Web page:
Fitchburg’s City Council took a historic step this past October, voting to close the gap between commercial and residential property tax rates by an unprecedented six points. This brought the business community’s share of Fitchburg’s property tax burden to 106 percent of the residential levy. Massachusetts allows two models for property taxes: single and dual rates. The single rate means that both residential and commercial properties are taxed at the same level. Meanwhile, a dual rate system dictates that one group – typically businesses- shoulders more of the burden and pays a higher share of taxes based on a property’s assessed value.
A single rate tax system has come to be recognized as a key indicator that a community is open for business, and the Council acknowledged this at their annual tax classification hearing. Through a spirited discussion, a number of councilors pointed out that that seventy eight percent of Fitchburg’s property fell under a residential use. If Councilors hoped to reduce the tax share carried by voters, the only responsible method would be to attract new commercial investment, as had been done with Great Wolf Lodge and GameOn Fitchburg. Maintaining a dual rate would only serve to discourage such efforts and perpetuate the root problem.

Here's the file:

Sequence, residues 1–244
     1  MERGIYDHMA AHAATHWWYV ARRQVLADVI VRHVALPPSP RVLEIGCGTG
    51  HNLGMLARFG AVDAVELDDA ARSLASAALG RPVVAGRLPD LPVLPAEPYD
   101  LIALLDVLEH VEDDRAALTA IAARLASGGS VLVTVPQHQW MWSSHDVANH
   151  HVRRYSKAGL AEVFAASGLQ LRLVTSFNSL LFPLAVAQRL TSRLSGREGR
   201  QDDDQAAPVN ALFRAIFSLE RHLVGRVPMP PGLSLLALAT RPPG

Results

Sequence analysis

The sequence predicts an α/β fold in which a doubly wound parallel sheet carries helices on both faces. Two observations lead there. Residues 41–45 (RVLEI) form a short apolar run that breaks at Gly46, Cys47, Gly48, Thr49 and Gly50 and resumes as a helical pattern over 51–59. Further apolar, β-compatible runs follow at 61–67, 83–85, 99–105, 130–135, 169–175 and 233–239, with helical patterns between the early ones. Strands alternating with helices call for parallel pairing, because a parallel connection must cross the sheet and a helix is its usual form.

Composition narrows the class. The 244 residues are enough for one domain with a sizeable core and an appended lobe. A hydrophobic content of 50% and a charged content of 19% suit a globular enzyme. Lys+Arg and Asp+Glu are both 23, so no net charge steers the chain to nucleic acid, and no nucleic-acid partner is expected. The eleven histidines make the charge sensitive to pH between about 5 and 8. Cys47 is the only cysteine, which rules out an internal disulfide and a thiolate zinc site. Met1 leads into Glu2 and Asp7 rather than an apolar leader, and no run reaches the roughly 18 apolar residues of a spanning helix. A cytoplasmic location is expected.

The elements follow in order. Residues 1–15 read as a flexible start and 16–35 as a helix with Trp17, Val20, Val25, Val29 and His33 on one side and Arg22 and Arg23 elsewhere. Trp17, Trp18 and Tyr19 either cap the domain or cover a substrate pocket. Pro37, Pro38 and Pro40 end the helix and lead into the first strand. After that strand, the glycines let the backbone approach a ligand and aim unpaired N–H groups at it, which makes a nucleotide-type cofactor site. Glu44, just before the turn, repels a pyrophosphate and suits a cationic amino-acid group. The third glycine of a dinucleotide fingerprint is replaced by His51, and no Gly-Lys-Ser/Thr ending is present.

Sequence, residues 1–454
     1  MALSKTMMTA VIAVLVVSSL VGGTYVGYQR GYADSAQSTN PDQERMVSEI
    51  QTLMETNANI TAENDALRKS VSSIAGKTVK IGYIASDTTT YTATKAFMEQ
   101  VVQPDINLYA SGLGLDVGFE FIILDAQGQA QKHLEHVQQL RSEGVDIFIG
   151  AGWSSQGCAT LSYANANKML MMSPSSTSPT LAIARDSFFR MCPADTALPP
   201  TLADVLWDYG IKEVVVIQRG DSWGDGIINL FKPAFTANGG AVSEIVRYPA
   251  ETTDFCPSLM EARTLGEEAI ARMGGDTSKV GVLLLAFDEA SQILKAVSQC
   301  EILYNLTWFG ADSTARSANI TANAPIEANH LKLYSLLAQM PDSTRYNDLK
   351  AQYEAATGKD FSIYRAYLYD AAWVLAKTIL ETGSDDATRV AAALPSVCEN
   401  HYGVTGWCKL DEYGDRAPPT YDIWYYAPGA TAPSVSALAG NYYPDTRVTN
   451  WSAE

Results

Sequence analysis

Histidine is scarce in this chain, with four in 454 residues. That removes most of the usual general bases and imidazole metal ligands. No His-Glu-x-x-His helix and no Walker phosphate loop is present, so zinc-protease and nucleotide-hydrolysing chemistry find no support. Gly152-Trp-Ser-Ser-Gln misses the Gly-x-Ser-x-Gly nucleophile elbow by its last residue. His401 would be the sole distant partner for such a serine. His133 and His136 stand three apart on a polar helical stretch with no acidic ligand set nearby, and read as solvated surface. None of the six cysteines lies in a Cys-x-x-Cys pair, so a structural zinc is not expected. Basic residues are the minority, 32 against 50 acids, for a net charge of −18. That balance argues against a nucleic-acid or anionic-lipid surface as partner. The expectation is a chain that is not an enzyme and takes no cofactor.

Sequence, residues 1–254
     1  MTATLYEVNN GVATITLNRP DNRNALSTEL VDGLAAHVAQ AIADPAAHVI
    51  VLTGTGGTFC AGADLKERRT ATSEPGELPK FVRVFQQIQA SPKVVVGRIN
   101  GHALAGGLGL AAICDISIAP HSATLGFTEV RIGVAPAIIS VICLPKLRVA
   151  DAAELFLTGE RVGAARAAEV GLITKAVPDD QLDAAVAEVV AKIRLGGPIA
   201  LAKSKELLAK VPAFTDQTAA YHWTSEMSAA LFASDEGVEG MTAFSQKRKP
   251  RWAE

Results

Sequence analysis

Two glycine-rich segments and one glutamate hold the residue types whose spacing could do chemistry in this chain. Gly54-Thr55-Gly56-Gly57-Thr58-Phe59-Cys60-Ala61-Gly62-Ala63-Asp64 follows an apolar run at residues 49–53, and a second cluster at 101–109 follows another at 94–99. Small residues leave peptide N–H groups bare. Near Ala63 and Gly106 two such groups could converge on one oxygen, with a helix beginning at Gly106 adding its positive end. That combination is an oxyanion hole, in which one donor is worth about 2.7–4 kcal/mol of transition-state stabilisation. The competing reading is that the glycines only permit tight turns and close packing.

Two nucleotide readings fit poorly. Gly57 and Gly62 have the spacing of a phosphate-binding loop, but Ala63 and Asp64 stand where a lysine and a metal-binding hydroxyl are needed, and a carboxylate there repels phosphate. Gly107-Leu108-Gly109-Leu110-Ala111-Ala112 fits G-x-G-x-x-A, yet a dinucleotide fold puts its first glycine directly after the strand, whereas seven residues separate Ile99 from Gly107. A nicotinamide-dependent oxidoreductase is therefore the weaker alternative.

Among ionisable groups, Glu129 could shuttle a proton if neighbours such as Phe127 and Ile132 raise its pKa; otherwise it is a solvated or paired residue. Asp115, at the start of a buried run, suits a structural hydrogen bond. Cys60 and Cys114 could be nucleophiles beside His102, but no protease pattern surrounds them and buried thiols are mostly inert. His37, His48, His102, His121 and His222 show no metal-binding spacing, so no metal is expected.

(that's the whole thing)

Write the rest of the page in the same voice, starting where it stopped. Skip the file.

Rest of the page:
As always, the North Central Massachusetts Chamber of Commerce was present at the meeting and attested to the importance of this shift. In particular, they spoke to the impact felt by the types of small businesses which make Fitchburg unique. “Though some would argue that business owners can afford a higher levy,” stated Chamber President Roy Nascimento in his testimony, “these taxes can prove a serious hardship to the local businesses which typify Main Street.” He went on to argue that it placed an additional hurdle before investors who might otherwise take interest in the community.
Ultimately, the Council voted 7-3 in favor of reducing the burden on commercial property owners. Commercial property tax owners will still see modest increases, but at a lower value than if there had been no change. Overall, this reduced the tax burden on businesses by $702,836. The Chamber would like to thank Councilors Kushmerek, Green, Clark, Donnelly, Zarrella, Kaddy, Fleming, and Walsh for supporting this historic action.